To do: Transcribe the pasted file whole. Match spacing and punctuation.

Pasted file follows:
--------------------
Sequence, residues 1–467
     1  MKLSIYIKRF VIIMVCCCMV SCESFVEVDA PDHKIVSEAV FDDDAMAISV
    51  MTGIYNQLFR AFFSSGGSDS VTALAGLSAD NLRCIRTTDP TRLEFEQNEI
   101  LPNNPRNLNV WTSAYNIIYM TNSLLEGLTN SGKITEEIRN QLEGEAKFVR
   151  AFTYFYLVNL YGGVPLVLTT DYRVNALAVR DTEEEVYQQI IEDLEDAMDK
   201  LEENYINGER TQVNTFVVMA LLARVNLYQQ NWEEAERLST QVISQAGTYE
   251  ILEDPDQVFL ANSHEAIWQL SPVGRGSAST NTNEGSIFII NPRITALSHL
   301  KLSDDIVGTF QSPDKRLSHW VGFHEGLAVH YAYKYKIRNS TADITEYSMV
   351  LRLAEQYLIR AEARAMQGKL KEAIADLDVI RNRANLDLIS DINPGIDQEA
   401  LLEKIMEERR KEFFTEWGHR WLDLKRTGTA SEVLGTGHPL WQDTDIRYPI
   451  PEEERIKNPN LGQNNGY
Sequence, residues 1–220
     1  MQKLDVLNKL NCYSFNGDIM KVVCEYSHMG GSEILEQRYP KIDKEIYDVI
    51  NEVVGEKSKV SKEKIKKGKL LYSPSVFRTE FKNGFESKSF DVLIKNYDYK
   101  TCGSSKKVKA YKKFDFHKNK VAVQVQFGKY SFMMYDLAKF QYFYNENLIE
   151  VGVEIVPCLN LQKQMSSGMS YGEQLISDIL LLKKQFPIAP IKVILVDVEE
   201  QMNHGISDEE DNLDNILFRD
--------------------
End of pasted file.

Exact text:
Sequence, residues 1–467
     1  MKLSIYIKRF VIIMVCCCMV SCESFVEVDA PDHKIVSEAV FDDDAMAISV
    51  MTGIYNQLFR AFFSSGGSDS VTALAGLSAD NLRCIRTTDP TRLEFEQNEI
   101  LPNNPRNLNV WTSAYNIIYM TNSLLEGLTN SGKITEEIRN QLEGEAKFVR
   151  AFTYFYLVNL YGGVPLVLTT DYRVNALAVR DTEEEVYQQI IEDLEDAMDK
   201  LEENYINGER TQVNTFVVMA LLARVNLYQQ NWEEAERLST QVISQAGTYE
   251  ILEDPDQVFL ANSHEAIWQL SPVGRGSAST NTNEGSIFII NPRITALSHL
   301  KLSDDIVGTF QSPDKRLSHW VGFHEGLAVH YAYKYKIRNS TADITEYSMV
   351  LRLAEQYLIR AEARAMQGKL KEAIADLDVI RNRANLDLIS DINPGIDQEA
   401  LLEKIMEERR KEFFTEWGHR WLDLKRTGTA SEVLGTGHPL WQDTDIRYPI
   451  PEEERIKNPN LGQNNGY
Sequence, residues 1–220
     1  MQKLDVLNKL NCYSFNGDIM KVVCEYSHMG GSEILEQRYP KIDKEIYDVI
    51  NEVVGEKSKV SKEKIKKGKL LYSPSVFRTE FKNGFESKSF DVLIKNYDYK
   101  TCGSSKKVKA YKKFDFHKNK VAVQVQFGKY SFMMYDLAKF QYFYNENLIE
   151  VGVEIVPCLN LQKQMSSGMS YGEQLISDIL LLKKQFPIAP IKVILVDVEE
   201  QMNHGISDEE DNLDNILFRD